Ecological association between operative vaginal delivery and obstetric and birth trauma
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Increased use of operative vaginal delivery (use of forceps, vacuum or other device) has been recommended to address high rates of cesarean delivery. We sought to determine the association between rates of operative vaginal delivery and obstetric trauma and severe birth trauma.
We carried out an ecological analysis of term, singleton deliveries in 4 Canadian provinces (2004-2014) using data from the Canadian Institute for Health Information. The primary exposure was mode of delivery. The primary outcomes were obstetric trauma and severe birth trauma.
Data on 1 938 913 deliveries were analyzed. The rate of obstetric trauma was 7.2% in nulliparous women, and 2.2% and 2.7% among parous women without and with a previous cesarean delivery, respectively, and rates of severe birth trauma were 2.1, 1.7 and 0.7 per 1000, respectively. Each 1% absolute increase in rates of operative vaginal delivery was associated with a higher frequency of obstetric trauma among nulliparous women (adjusted rate ratio [ARR] 1.06, 95% confidence interval [CI] 1.05-1.06), parous women without a previous cesarean delivery (ARR 1.10, 95% CI 1.08-1.13) and parous women with a previous cesarean delivery (ARR 1.11, 95% CI 1.07-1.16). Operative vaginal delivery was associated with more frequent severe birth trauma, but only in nulliparous women (ARR 1.05, 95% CI 1.03-1.07). In nulliparous women, sequential vacuum and forceps instrumentation was associated with the largest increase in obstetric trauma (ARR 1.44, 95% CI 1.35-1.55) and birth trauma (ARR 1.53, 95% CI 1.03-2.27).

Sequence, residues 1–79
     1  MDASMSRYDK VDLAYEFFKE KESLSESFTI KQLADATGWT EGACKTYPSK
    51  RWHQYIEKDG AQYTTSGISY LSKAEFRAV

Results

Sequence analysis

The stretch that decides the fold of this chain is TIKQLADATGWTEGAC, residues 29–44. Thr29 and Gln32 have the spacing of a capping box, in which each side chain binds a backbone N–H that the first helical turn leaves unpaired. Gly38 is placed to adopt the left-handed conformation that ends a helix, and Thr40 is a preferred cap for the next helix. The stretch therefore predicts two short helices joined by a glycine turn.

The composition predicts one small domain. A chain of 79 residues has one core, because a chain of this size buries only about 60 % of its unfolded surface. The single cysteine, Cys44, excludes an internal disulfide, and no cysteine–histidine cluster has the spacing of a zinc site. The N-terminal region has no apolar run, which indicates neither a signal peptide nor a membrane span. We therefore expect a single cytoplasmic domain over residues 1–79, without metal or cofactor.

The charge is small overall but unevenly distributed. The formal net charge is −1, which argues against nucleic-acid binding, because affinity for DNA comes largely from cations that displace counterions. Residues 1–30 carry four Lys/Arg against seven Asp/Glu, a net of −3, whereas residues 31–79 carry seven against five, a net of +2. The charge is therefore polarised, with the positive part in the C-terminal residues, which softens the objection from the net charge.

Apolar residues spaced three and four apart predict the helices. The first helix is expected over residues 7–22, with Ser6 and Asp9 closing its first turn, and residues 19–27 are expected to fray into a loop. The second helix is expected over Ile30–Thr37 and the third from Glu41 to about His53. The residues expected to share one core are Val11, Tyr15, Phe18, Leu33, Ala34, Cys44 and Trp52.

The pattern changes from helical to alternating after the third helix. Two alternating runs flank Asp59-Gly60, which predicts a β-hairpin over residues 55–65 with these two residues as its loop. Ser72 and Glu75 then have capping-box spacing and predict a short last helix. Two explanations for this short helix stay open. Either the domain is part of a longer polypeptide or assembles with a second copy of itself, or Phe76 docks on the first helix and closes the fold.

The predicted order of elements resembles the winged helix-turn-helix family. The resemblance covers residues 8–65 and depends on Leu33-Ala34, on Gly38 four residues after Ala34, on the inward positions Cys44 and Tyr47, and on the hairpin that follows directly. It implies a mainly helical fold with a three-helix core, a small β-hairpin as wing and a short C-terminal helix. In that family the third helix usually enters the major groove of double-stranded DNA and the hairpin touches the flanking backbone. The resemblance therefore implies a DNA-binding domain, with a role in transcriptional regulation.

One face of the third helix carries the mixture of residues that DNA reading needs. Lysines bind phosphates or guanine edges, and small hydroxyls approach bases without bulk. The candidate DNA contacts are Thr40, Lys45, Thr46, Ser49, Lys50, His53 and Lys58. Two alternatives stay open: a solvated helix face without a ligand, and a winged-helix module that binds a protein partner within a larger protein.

Increases in population rates of operative vaginal delivery are associated with higher population rates of obstetric trauma, and in nulliparous women with severe birth trauma.